Gerard Depardieu, Bulle Ogier, Texas the Doberman,
and the bath with snakes, Maîtresse
The story goes that a young actress, seeking to fast-track her career, engineered a dinner à deux with producer/director Barbet Schroeder.
“You can only have two reasons to seek the company of an ancient like myself,” he said over the escargots. “Either you hope I will use you in a film....”
She assured him that nothing was further from her mind.
“....or you wish to have a sexual relationship. In that case,” he continued, ignoring her demur, “you should know that, with me, it must always end in blood.”
True or not, this anecdote hints at why such a man might make the 1975 Maîtresse.
Schroeder’s films range from More, celebrating the drop-out generation, to the stalking thriller Single White Female, not forgetting his witty riffs on those seedy characters Klaus von Bulow and Idi Amin Dada. Wearing another hat, he produced Eric Rohmer’s Le Genou de Claire and Ma Nuit Chez Maud, and Jacques Rivette’s Céline et Julie vont on bateau.
While, superficially, these have little in common, they share an interest in outsiders and the price they pay for living on their own terms.
Such a person was dominatrix Monique von Cleef, aka The Baroness. A colourful feature of Manhattan’s sixties sex scene, her penthouse “pain parlor” was shut down by the NYPD in 1967 amid fears that the Pentagon officials among her clients risked blackmail. She moved her operation to Amsterdam, then Paris, where she and Schroeder crossed paths, inspiring Maîtresse.
Naive Olivier (Gérard Depardieu), fed up with his job in a slaughterhouse, comes to Paris, and hooks up with an old mate who burgles apartments while the owners are away for the summer. The first they crack, however, isn’t empty. Its closets bulge with leather and rubber outfits, and sundry instruments of chastisement, while the bathroom houses a cage with an apparently willing occupant (Roland Bertin).
They have stumbled on the “dungeon” of dominatrix Ariane (Schroeder’s wife Bulle Ogier), who lives upstairs. Connected by a folding steel staircase hidden under the coffee table, her home is only slightly less bizarre. Its bath is embedded in an aquarium filled with sea snakes and she keeps some carnivorous Venus Flytraps, to which she coos as she feeds them flies.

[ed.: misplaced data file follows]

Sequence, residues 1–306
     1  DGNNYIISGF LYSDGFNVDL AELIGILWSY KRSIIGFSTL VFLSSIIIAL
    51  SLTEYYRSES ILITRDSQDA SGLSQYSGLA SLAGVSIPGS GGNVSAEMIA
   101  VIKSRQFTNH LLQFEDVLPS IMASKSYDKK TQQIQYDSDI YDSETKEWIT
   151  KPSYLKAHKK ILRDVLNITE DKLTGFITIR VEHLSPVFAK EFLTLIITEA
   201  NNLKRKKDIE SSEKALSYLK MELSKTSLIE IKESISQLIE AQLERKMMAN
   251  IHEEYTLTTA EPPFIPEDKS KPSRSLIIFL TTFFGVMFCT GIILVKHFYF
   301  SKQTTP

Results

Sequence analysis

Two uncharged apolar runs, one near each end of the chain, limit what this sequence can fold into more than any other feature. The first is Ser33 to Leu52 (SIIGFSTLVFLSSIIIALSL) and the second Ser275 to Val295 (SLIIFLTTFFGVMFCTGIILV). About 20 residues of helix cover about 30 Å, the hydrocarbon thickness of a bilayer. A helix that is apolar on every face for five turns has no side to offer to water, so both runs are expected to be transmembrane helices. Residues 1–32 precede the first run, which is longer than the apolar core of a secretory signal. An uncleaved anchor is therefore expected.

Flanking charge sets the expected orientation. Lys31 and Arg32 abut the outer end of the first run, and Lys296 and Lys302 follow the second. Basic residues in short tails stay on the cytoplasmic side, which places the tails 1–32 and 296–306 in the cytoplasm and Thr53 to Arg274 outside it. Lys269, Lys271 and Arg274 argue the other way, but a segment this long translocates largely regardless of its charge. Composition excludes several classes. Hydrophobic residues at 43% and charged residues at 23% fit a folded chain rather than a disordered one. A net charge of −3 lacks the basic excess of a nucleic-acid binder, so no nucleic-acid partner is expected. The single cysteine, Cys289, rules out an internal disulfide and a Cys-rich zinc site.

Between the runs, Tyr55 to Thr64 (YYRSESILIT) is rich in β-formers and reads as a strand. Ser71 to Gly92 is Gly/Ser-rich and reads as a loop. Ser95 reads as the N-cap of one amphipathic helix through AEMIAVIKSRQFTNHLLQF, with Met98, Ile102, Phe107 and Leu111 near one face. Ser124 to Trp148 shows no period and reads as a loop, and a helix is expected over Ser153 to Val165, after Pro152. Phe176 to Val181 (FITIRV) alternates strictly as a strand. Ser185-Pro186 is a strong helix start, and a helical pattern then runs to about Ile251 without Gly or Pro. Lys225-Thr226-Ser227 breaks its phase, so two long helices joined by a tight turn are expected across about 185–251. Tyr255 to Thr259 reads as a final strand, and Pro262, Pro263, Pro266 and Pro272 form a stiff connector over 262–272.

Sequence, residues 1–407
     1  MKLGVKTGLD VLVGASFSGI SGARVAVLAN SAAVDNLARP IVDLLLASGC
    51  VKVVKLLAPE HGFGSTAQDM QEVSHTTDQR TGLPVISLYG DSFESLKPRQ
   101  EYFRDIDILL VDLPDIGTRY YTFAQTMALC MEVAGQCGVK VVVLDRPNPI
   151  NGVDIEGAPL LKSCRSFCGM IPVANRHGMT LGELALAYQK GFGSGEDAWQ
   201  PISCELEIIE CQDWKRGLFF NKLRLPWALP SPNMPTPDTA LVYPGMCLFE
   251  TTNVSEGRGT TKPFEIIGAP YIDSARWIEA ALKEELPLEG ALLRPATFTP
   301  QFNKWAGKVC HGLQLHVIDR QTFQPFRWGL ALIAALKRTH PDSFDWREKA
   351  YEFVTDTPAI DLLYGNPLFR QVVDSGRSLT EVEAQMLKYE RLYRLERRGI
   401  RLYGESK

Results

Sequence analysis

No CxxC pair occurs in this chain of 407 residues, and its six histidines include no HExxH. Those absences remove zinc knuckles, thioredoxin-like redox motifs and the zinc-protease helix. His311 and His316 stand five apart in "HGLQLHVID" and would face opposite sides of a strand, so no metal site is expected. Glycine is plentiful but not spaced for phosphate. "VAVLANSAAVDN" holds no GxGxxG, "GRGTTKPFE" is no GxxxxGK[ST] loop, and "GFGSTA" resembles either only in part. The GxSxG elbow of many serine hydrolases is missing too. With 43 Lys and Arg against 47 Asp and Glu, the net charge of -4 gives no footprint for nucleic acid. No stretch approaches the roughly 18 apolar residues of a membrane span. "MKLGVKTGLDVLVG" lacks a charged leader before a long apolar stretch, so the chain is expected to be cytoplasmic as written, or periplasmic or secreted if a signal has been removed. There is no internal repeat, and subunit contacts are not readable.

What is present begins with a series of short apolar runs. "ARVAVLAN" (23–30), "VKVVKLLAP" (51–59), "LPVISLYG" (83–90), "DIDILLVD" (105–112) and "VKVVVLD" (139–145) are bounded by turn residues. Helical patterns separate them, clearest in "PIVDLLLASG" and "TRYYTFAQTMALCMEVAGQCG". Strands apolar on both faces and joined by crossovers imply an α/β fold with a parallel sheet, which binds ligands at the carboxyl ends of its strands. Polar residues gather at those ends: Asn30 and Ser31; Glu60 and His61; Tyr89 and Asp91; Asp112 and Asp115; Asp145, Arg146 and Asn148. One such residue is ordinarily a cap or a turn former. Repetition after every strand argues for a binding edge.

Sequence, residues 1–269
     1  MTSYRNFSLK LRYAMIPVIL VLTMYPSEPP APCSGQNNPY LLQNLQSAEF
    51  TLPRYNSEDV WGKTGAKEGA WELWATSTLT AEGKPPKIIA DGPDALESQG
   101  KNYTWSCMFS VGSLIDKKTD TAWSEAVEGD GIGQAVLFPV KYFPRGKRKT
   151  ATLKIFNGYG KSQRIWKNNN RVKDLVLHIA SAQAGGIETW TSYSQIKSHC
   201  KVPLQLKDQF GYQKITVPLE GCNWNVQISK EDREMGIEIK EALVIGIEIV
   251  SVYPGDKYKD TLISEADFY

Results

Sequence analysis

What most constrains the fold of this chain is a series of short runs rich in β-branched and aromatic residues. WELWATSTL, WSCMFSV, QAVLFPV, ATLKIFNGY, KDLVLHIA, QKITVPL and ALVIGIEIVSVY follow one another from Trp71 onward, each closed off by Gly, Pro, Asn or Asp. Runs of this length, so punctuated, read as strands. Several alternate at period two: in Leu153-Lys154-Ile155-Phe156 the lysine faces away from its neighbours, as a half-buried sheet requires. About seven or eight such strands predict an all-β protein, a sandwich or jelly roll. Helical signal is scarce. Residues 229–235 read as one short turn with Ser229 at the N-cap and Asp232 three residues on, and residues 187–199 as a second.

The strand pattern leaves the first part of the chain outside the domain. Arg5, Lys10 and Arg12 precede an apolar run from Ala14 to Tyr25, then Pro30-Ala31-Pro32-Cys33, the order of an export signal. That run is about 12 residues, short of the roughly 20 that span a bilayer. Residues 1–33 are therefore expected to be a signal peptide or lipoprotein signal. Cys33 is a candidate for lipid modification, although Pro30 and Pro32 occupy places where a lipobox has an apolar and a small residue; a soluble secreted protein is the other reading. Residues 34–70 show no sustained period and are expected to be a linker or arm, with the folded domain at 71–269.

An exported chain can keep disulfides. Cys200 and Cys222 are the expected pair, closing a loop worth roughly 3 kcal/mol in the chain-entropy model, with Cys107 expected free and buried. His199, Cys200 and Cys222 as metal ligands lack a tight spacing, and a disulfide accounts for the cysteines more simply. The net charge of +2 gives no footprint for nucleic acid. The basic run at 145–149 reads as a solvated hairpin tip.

Arianne and Olivier hit it off, and he becomes her companion, equally useful in fixing a blocked bathtub and urinating on a client. She even takes him on a house call to a country chateau, where they are greeted by the butler Emile (Tony Taffin) who, Olivier belatedly realises after Ariane orders him to clean his shoes and grinds out a cigarette on his hand, is no servant but another customer. An orgy follows, in which Olivier enthusiastically participates. Habitually slow on the uptake, however, he still hasn’t quite got it the following morning when they sit down to breakfast. “Emile,” he orders, “butter me some toast,” momentarily forgetting that the games are over and the toys back in the box.
Exactly contemporary with Just Jaeckin’s self-congratulatory Histoire d’O, Maîtresse offers an ironic commentary on its Vogue-ish vision of bondage and sado-masochism. Both films, like Bunuel’s Belle de Jour, were part of a debate in French society that began with Simone de Beauvoir’s 1953 Must We Burn Sade? It argued that Sade’s pornography obscured an important argument about free will. What were its limits? Did it excuse doing violence to others, and to one’s self?
To judge from Maîtresse, Schroeder had doubts. Karl Lagerfeld designed Ogier’s costumes but her activities when wearing them are scarcely haute couture, and the scenes of torture, shot by Nestor Almendros in bilious green half-light (and featuring actual S/M devotees, who reportedly paid to participate) are less Sade than sad. Ariane’s activities don’t leave her replete like Belle de Jour or as fulfilled as O, who exclaims to the engineer of her torments collapses from a panic attack,
With the possible exception of an episode involving male genitals, a plank and some two-inch nails, the film is tame by today’s standards. More troubling to contemporary sensibility than its dungeon scenes is one where Olivier, desperate to reconnect with reality, visits an abattoir, and watches a horse stunned, hung up, and, still kicking desperately, drained of blood. On his way home, he stops at a boucherie chevaline for a couple of horsemeat steaks, which he devours with relish. “I had a bit of a party,” he tells Ariane with a grin.
Histoire d’O, which Dominique Aury wrote as a divertissement for her lover Jean Paulhan, originally included a long thriller sub-plot describing the criminal activities of its wealthy sadists. Paulhan persuaded her to remove it, arguing that narrative and character are irrelevant to erotica, in which appetite rules all.
Depardieu and Ogier enjoying sex in a speeding car.
Subversively, Schroeder chooses to tell his backstory, and sends Olivier on a bumbling search for the mysterious M. Gautier (Danish actor Holger Löwenadler) who appears to exercise some sinister hold over Ariane. Instead of high crimes and misdemeanours, however, he uncovers a prosaic domestic arrangement in which, we infer, a complaisant husband has indulged his wife’s fantasies of sexual dominance by financing her dungeon as others might back a boutique. Relieved to have this out in the open, the lovers enjoy some delirious sex in a speeding car, culminating in a wreck from which they stroll away, laughing. Not exactly an ending in blood, but then Ariane isn’t exactly a dominatrix, and Olivier is enough of a wimp to give pimping a bad name. Somewhere, the Divine Marquis must be shaking his head in despair.